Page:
I just finished reading Three Acres and Liberty, by Bolton Hall. This little book was first published in 1907. The folks at Kindle were kind enough to republish the 1917 revised version. It was a fun and interesting read, chock full of great advice on how to make the most of a little piece of land. However, I was surprised to find so much philosophy intertwined with practicality.
Here are the quotes which touched me most:
We are not tied to a desk or to a bench; we stay there only because we think we are tied. In Montana I had a horse, which was hobbled every night to keep him from wandering; that is, straps joined by a short chain were put around his forefeet, so that he could only hop. The hobbles were taken off in the morning, but he would still hop until he saw his mate trotting off. This book is intended to show how any one can trot off if he will.
A sower went out to sow and he sowed that which was in his heart - for what can a man sow else. (From the Game of Life).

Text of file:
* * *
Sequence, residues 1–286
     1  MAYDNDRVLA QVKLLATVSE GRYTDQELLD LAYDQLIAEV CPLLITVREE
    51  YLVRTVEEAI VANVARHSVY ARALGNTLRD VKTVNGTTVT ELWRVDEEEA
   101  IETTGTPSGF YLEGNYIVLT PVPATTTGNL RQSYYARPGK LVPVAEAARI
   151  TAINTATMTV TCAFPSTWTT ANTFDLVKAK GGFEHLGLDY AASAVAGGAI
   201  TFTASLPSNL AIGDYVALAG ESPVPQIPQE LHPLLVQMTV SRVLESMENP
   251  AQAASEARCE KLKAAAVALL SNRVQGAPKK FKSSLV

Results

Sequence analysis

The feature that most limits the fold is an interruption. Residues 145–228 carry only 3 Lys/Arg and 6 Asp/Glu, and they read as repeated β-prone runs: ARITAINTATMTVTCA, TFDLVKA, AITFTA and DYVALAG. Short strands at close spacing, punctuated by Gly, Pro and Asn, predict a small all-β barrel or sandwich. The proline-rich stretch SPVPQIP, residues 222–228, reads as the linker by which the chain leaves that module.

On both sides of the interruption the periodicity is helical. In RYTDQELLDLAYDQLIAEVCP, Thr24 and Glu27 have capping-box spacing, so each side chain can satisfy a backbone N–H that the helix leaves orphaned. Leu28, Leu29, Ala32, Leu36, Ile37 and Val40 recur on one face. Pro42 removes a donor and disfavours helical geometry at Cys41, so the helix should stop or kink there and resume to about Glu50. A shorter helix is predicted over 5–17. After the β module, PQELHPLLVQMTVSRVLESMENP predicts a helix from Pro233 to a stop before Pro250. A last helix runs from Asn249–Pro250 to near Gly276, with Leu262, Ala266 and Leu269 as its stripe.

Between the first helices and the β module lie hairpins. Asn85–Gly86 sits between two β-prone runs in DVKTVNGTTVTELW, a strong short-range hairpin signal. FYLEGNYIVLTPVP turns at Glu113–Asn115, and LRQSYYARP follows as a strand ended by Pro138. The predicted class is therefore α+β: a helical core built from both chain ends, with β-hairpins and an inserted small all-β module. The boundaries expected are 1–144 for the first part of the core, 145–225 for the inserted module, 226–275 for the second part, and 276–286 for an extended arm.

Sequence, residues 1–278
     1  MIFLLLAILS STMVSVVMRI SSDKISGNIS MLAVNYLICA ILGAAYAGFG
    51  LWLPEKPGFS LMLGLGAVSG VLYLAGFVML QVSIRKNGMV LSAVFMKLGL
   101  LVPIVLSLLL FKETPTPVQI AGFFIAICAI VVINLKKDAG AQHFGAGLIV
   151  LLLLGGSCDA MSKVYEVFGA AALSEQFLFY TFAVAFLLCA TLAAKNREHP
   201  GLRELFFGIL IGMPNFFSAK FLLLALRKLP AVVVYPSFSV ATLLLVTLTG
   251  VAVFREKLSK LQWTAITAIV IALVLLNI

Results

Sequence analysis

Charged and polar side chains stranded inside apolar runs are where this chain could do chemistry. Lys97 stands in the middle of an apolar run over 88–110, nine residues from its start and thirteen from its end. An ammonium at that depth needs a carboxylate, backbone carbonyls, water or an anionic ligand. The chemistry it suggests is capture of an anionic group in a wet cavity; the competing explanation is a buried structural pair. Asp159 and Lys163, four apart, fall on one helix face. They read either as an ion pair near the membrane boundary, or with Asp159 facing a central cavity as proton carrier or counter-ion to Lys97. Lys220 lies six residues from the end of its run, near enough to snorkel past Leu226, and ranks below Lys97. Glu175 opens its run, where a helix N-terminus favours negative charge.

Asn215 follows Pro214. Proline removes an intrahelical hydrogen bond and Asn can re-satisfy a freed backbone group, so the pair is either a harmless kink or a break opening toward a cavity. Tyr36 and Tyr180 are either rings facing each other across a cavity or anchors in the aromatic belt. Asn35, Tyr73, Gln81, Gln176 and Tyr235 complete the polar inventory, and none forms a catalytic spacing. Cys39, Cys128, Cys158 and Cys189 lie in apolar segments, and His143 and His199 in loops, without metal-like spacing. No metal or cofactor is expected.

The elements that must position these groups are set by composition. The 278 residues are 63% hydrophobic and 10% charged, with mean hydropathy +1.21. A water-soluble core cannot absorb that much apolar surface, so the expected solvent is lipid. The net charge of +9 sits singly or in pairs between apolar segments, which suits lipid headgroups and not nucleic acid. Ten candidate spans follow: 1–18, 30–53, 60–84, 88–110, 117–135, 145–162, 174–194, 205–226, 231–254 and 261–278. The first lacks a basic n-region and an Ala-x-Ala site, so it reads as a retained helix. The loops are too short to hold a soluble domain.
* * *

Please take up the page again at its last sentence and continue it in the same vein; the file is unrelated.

To cultivate is to watch the soil as you watch your cooking and tend your crop as you would tend your animals. The crop is as alive as the stock....
If you have a backyard, you can help the world and yourself by raising some of the food you eat.
..think of the cleansing influence of all this. Light and air and labor - these are the medicines not of the body only, but of the soul. It is not ponderable things alone that are found in the gardens, but the great wonder of life, the face of nature, the influences of sunsets and seasons and of all the intangible things to which we can give no name, not because they are small, but because they are outside the compass of our speech.